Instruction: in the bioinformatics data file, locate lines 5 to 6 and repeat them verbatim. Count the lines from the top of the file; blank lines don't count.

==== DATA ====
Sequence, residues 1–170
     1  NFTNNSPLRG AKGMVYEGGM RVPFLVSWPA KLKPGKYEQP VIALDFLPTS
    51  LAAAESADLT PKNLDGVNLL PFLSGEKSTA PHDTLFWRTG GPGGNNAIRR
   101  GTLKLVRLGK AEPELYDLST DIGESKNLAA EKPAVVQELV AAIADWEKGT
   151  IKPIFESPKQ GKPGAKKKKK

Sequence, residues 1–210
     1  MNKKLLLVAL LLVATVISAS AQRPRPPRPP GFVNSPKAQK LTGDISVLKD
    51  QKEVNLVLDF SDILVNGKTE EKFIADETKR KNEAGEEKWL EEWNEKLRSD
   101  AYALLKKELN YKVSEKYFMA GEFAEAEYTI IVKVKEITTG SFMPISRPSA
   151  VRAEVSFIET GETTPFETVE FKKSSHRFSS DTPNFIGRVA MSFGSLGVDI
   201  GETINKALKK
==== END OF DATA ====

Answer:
   151  IKPIFESPKQ GKPGAKKKKK

Sequence, residues 1–210